Signup date: 09 Dec 2007 at 10:20am
Last login: 31 Jan 2014 at 3:43pm
Post count: 206
Firstly, you are not alone. Many, many people on this forum have had the same experience to you. I could have written word-for-word much of your post towards the end of the first year of my PhD! (I am nearly finished my PhD now.)
Second thing, does your institution have a formal progress check? For example, I had to `upgrade' from MPhil to PhD student status. This formal check with examiners who are not your supervisor is one way to find out if you have done sufficient in your first year. That way, you can get some objectivity about your progress. From what little you have written, I would side with your supervisor and wager that you are getting there and you are doing just fine.
The emotional challenges of a PhD are harder to tackle. Do you have some support in real life with this? e.g. someone who has done a PhD who you could talk to, or your university's counselling service? (I used both of these during my PhD.)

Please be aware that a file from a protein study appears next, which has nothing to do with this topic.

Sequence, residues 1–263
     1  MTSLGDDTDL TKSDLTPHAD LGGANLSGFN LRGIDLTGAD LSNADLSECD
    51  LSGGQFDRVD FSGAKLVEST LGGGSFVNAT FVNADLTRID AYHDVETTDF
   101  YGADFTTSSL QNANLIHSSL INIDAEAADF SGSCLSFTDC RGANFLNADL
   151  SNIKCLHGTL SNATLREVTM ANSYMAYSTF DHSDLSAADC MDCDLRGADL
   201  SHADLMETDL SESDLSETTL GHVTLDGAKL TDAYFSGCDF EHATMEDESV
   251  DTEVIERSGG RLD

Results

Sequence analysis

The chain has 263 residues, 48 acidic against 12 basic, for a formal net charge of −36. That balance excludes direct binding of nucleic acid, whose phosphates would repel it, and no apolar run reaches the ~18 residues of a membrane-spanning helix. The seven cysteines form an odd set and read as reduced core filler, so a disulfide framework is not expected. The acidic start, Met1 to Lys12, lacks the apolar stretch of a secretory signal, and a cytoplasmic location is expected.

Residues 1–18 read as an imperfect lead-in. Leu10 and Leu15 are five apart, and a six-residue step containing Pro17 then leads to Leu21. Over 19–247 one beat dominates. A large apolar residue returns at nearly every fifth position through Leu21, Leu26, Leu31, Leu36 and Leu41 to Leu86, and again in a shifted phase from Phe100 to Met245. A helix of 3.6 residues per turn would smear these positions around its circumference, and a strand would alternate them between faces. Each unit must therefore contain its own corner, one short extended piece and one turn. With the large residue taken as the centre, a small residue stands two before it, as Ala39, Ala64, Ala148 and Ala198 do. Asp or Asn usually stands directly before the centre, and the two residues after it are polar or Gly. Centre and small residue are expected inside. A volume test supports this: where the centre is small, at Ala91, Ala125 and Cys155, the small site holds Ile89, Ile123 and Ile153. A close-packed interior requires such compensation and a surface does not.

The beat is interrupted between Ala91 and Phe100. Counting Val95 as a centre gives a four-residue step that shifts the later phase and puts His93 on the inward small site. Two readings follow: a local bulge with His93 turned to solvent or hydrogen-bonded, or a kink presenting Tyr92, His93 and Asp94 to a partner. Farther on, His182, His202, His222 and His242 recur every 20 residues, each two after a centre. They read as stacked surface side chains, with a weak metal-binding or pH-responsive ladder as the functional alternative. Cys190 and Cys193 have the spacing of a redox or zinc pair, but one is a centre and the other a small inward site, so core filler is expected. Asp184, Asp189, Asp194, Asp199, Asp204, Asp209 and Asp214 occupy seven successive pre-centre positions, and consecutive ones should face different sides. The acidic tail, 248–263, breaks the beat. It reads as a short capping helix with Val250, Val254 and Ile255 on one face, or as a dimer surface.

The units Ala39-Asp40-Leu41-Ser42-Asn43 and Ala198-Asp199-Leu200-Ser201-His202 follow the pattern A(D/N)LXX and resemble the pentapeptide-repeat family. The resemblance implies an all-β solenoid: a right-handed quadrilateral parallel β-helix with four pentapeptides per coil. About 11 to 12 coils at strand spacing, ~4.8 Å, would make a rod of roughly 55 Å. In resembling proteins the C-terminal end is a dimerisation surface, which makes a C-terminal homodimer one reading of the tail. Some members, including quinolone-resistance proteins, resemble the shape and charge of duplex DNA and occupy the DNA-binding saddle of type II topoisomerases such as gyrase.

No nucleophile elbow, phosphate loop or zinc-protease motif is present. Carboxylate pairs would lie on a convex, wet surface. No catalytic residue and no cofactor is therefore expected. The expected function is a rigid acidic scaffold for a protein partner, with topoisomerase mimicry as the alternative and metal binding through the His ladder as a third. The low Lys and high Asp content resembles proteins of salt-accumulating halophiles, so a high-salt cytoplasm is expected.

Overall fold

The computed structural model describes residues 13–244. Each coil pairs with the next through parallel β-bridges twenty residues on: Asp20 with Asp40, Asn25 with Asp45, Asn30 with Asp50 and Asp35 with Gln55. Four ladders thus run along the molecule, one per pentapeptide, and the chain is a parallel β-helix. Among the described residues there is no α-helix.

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What discipline are you? If you are in mathematical or computational science, you will find that LaTeX is more-or-less expected. There is a learning curve with LaTeX but once you get the hang of it it takes no more time than something like Word. I use LaTeX for most of my work.
I have Word for Mac which I use for collaborating, something LaTeX is not designed for. Word for Mac is better than Open Office which I found tended to chew up the formatting of any document created in MS Office. I never tried using Word for Mac with a large document but you could split a very large document (such as your thesis) into individual chapters - probably sensible to do this whatever you use.
I use Papers and think this is brilliant but I don't have experience of using the others. Papers has iPhone/iPad apps so you can sync your library to your mobile device and read pdfs on the bus :$ (I don't know if the others have this facility.) You can download a free 30-day trial of Papers and see how you go, you can always export your library out of Papers if you decide not to use it. I think Papers is like "iTunes for papers" so if you are already a Mac user you might find you feel at home.